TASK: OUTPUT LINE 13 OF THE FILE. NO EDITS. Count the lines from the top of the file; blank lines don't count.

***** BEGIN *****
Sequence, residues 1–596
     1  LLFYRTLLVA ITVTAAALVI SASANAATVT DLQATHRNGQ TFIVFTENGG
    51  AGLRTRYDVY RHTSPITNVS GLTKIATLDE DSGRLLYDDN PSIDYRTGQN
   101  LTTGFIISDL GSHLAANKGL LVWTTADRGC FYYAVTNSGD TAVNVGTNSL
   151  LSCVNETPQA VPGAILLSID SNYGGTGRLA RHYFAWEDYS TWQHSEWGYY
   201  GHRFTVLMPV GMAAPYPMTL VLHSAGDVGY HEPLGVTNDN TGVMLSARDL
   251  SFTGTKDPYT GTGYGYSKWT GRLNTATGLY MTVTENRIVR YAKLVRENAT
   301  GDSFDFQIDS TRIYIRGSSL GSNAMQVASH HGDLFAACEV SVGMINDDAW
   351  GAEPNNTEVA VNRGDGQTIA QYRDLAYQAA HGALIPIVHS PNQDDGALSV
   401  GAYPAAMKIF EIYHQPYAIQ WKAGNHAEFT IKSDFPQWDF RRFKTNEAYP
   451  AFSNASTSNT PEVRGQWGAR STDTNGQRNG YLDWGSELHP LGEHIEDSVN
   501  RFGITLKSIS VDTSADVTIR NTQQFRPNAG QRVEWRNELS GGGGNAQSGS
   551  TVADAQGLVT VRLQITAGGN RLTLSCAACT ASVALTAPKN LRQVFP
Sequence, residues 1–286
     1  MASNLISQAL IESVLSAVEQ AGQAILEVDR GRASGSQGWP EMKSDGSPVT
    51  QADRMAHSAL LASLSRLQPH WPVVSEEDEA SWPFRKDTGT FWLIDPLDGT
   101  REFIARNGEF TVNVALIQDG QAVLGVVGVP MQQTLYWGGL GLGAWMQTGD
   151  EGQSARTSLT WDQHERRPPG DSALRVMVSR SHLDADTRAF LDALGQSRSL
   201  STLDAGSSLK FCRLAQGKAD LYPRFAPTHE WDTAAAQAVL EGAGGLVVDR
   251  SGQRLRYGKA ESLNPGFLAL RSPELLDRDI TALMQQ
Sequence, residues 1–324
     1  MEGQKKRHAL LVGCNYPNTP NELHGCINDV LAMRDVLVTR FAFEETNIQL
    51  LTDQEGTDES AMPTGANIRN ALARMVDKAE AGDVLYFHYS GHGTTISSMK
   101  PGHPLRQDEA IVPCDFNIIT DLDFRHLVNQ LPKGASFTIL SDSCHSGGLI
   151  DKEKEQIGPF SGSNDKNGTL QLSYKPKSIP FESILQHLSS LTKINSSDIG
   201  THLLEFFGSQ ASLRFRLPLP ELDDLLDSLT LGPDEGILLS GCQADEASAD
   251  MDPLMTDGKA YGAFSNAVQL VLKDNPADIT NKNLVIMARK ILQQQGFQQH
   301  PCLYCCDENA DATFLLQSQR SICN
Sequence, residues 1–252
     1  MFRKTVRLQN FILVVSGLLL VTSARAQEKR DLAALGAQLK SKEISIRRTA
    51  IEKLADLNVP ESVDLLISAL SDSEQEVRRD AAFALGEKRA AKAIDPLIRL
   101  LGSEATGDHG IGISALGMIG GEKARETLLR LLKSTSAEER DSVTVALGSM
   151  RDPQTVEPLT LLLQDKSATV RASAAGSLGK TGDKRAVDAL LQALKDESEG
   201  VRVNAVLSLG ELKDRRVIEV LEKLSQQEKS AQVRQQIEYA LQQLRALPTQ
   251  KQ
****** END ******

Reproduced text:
   551  TVADAQGLVT VRLQITAGGN RLTLSCAACT ASVALTAPKN LRQVFP